Helping Students Succeed:  Our Proud Graduates


The Gateway Community College Foundation helps students succeed. The students bring the drive, determination, and diligence. The Foundation offers assistance where it's needed to help students keep pushing forward to achieve their academic goals. 


Their stories are inspiring, encouraging, and quite often remarkable. We share a handful of them—knowing that there are thousands more proud alumni of Gateway making their mark in the world, and many more in Gateway's classrooms today, with eyes fixed on tomorrow.


"Gateway gave me confidence in myself. I will always remember Gateway as giving me a new beginning.”

A New Beginning


Pauline Dorsi '14 graduated from Southern Connecticut State University in 1989 with a BA in history. She worked at Health Net as a claims processor and became interested in procedure codes and diagnosis codes and how they work together to pay claims properly.


Although she loved her job, she unfortunately was laid off in 2011. She started at Gateway in 2012 through a program called TAA (Trade Adjustment Assistance), a federal program that provides a path for employment growth and opportunity through aid to U.S. workers who have lost their jobs as a result of foreign trade.


"I had the opportunity to go to school," she said. "I was very fortunate the state paid for my education. I will always be grateful for that." 

Because she was interested in codes, she majored in BOT: Medical Administrative Assistant. As part of her coursework she took Medical Coding I & II, which were instrumental in helping her to get her new job as a Medicare Biller/Analyst at Milford Hospital.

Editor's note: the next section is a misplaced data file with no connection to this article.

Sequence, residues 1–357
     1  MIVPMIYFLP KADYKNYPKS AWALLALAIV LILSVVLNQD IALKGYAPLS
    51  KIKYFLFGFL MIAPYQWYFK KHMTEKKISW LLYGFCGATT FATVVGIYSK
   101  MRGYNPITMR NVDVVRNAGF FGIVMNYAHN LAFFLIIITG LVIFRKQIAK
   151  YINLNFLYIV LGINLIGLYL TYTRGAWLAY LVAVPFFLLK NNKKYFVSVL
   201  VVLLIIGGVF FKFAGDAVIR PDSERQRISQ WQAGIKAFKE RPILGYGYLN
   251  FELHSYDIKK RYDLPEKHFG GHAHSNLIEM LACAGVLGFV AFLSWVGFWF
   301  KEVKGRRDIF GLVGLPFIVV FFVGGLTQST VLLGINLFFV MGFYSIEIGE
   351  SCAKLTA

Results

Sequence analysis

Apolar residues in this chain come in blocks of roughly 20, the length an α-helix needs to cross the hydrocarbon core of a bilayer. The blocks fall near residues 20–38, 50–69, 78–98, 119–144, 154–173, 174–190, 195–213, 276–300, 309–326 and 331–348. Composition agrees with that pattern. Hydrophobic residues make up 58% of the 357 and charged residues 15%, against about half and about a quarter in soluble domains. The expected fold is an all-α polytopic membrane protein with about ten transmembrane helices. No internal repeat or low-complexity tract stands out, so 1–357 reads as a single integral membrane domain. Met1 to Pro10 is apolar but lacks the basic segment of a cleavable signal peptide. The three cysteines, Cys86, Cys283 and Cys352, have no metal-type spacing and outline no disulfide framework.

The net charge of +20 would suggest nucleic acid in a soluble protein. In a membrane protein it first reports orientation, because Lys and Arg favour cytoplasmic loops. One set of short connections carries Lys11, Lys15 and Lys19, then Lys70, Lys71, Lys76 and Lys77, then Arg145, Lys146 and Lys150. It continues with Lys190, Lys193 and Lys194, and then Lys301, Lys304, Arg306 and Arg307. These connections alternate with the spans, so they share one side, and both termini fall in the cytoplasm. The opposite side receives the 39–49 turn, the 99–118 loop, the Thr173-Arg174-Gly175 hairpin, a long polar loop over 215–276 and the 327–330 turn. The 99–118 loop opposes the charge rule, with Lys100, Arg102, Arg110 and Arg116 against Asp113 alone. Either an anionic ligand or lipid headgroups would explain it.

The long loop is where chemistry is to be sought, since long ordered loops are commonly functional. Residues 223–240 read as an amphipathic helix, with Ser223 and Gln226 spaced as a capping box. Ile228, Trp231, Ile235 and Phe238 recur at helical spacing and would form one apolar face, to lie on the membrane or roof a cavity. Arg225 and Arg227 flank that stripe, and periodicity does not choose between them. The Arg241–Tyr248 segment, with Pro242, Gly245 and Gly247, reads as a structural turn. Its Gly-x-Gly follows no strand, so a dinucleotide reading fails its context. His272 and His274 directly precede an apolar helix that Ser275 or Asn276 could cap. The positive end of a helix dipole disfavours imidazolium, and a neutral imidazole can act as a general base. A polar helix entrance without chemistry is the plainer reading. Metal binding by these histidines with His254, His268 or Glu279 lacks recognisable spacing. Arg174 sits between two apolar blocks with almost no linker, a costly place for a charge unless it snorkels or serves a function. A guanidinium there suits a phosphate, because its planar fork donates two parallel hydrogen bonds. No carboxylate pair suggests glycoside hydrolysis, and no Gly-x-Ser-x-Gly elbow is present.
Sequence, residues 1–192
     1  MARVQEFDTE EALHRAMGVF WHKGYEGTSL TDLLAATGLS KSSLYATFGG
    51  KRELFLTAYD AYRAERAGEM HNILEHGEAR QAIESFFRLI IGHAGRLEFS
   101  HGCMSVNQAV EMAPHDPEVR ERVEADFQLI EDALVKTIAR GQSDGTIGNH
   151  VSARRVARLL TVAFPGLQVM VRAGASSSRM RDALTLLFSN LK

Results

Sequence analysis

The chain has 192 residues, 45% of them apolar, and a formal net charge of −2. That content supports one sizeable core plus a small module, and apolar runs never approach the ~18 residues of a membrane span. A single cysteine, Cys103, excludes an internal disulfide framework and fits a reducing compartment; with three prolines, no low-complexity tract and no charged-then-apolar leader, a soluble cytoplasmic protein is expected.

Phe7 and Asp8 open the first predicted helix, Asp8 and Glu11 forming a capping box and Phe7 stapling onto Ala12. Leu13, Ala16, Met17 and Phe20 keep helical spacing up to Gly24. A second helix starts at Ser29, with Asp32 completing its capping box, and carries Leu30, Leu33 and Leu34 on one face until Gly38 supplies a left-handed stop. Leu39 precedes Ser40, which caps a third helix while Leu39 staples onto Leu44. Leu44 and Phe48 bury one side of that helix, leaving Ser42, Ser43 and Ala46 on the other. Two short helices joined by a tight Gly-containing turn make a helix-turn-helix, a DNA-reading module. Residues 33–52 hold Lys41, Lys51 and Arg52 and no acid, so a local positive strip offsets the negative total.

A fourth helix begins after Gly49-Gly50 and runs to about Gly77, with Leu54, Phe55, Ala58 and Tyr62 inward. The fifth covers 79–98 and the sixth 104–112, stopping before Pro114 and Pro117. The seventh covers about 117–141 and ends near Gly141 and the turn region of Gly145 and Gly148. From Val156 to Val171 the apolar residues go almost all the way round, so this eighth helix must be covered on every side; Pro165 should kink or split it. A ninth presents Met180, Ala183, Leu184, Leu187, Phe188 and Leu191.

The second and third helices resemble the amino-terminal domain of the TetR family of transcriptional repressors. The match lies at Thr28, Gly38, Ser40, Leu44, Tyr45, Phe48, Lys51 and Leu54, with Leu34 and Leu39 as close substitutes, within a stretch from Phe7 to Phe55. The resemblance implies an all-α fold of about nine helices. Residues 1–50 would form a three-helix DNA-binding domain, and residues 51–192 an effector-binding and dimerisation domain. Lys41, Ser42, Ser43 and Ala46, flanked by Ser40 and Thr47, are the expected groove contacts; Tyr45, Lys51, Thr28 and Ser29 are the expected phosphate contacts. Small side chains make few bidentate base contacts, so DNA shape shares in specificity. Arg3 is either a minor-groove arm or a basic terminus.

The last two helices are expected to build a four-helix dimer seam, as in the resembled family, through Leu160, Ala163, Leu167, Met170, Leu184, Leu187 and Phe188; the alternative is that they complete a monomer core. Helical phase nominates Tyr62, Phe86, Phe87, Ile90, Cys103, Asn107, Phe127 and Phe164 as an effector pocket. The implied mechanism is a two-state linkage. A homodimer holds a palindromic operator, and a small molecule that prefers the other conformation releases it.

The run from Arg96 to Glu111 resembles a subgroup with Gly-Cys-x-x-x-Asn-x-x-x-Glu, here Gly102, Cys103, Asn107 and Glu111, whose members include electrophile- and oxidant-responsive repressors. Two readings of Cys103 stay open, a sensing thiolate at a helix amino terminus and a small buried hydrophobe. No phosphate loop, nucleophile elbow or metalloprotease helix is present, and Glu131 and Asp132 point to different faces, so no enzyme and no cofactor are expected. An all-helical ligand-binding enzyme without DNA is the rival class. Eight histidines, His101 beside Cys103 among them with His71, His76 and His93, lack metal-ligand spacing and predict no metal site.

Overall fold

According to Dorsi, “Gateway gave me confidence in myself. After not being in school for 23 years, I was invited to join the Phi Theta Kappa, Honor Society.  I was honored to be a part of that—you need at least 3.5 to be invited to join. I will always remember Gateway as giving me a new beginning.”

Dorsi also credits her professors for her renewed success. “The BOT professors are fabulous!" she said. "They really care about you and take the time to make sure you are prepared for the working world. I was fortunate to have a student worker job. I was able to make some spending money while gaining some real world experience. Gateway is a great school and a good opportunity to make a new beginning. They offer many classes at various times. I am so glad I chose Gateway for my path into the future.”


“It was difficult working and going to school, especially with our three year old at home. But my wife and her family have been so incredibly supportive and all the professors and staff at Gateway are really wonderful."

The Power Of Perseverance


Looking back, even Cesar Rivaben '14 is a little astonished at how far he has come in such a short period of time.